The year 2022 saw the highest population of inmates on death row in India - a total of 539 prisoners, since 2000 when it was 563, according to a report by an advocacy group that monitors capital punishment.
Trial courts last year imposed 165 death sentences, which is the highest in a single year since 2000, the report further revealed. But this increase is sharply influenced by the Ahmedabad blast case where 38 persons were sentenced to death, the report added.
The year 2022 also represented a “historic shift” in death penalty jurisprudence where it not only saw the highest number of death sentences but also witnessed the Supreme Court reconsider—for the first time since 1980—the framework of death penalty sentencing.
The seventh edition of Death Penalty in India: Annual Statistics Report, released by National Law University’s Project 39a—an advocacy group that works on issues surrounding capital punishment—reported on significant developments in the framework of death penalty sentencing.
The report highlighted instances where the top court pulled up trial courts for ignoring evidence in accordance with established legal principles, lack of adequate legal representation for a convict, and the “abysmal nature” of investigation to bolster a case.
According to the report, the continued imposition of the death penalty versus the sluggish disposal rate by the appellate courts is responsible for the burgeoning population of inmates on death row.
BOOM breaks down the contents of the report.
Death Row population steadily increasing
A perusal of the report suggests there is a stark difference in a trial court’s approach to the death penalty versus that of the appellate courts. The continued imposition of a high number of death sentences by trial courts with a low rate of disposal by appellate courts has led to an increase in the population on death row.
“The population on death row has steadily increased over the years, with 2022 representing a 40 per cent increase in the population since 2015,” the report added.
Even as the Supreme Court insisted on the importance of evidence on the convict’s probability of reform, trial courts handed death sentences without seeking sentencing materials.
While the trial courts imposed 165 death sentences (two were women) in 2022, the High Court and Supreme Court decided 68 and 11 matters respectively. However, the highest imposition of death sentences by trial courts in over two decades is influenced by the unprecedented imposition of the death sentence on 38 people in one bomb blast case in Ahmedabad,” the report pointed out.
"In 2022, a majority of the cases for which the death penalty was imposed involved sexual offences (51.28%). Murder simpliciter comprised the majority of death sentences (and not cases) as these cases often involve multiple persons sentenced to death in a single case," the report said.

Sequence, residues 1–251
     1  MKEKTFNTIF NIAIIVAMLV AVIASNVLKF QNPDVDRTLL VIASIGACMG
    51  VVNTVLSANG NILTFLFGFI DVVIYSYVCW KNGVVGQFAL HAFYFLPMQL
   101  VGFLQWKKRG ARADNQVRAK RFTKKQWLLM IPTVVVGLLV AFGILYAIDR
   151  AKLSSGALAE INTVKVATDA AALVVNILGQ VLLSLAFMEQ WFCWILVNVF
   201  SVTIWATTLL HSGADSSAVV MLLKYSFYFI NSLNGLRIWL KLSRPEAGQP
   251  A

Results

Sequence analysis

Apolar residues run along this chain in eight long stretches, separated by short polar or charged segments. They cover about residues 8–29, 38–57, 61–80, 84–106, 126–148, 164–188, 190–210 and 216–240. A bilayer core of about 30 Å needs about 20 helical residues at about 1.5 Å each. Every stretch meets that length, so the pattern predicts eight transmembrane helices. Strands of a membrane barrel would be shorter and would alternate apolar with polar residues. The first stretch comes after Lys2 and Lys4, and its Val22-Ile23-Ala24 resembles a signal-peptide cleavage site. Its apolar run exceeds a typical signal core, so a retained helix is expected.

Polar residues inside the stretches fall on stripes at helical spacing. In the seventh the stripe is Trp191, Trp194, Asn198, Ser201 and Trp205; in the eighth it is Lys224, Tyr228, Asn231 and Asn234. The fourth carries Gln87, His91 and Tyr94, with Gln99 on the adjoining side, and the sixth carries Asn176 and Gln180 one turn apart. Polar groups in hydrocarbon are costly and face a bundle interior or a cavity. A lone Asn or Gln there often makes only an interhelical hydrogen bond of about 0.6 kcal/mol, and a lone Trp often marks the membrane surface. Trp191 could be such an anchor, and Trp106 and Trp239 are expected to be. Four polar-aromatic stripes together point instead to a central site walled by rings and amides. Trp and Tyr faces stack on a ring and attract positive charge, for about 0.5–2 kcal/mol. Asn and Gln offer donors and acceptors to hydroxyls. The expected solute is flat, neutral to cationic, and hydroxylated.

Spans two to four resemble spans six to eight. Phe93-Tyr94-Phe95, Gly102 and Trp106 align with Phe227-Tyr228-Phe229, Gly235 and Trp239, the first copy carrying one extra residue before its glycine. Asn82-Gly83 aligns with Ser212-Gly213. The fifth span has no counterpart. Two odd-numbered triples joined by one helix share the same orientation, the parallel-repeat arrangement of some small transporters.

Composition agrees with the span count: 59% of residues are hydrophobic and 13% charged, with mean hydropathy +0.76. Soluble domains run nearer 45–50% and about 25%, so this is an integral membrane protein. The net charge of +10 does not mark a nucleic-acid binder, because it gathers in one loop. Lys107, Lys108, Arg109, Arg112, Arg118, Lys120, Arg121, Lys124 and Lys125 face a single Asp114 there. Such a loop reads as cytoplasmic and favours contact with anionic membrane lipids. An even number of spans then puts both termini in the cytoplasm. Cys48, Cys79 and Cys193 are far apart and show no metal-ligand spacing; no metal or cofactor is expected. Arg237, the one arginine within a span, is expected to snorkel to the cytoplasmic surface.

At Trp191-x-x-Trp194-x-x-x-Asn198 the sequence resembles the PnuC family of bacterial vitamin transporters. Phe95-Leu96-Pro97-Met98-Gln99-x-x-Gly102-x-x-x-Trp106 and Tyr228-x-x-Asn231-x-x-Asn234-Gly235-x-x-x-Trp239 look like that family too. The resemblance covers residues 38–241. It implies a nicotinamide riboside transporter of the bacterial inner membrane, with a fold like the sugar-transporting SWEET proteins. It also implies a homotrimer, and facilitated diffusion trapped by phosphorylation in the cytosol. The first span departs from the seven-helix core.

Uttar Pradesh (100) has the highest population of death row inmates followed by Gujarat (61), Jharkhand (46), Maharashtra (39) and Madhya Pradesh (31).
SC to reconsider framework for death penalty cases
The Supreme Court in 2022 for the first time since 1980 acknowledged the need to reconsider the framework for death penalty sentencing and referred the matter to a Constitution Bench, the report said.
The report summarized the top court’s acknowledgement of gaps in the law on death penalty sentencing. It highlighted how the Supreme Court has sought to reconsider if the death penalty can be imposed on the same day of conviction; the need for the centrality of reform to the death penalty sentencing framework; mitigating circumstances and the probability of a convict’s reformation; and mental health impact of prolonged solitary confinement as supervening grounds for commutation after the rejection of mercy petition.
Supreme Court has emphasized the state’s duty to present evidence of the ‘improbability of reform’ before any person can be sentenced to death, the report said. Failure to comply would be considered a mitigating circumstance that could result in the suspension of the death sentence. Such information would also serve to compensate for a trial court’s failure to collect relevant information at the sentencing stage…, the report said.
The report highlights how the apex court acknowledged the absence of “a coherent legal and institutional framework” for the collection and presentation of mitigating circumstances to justify capital punishment. To address this gap, the top court laid guidelines for the compilation of such information, the report added.
Across the three cases where the courts overturned convictions—Project 39a was instrumental in presenting the defence for the convicts—the Supreme Court noted the “abysmal nature” in which the investigation had been carried out. “In Ramanand, the Court raised the possibility of fabrication of evidence during investigation with a falsified extrajudicial confession placed on record merely to bolster the case of the prosecution,” the report noted.
“Similarly, in Chotkau, the Supreme Court raised the possibility of manipulation of the FIR on noting the delay in forwarding it,” the report added.
Supreme Court also “specifically highlighted the lack of uniformity in the death penalty sentencing framework” while referring the matter to a Constitution Bench.
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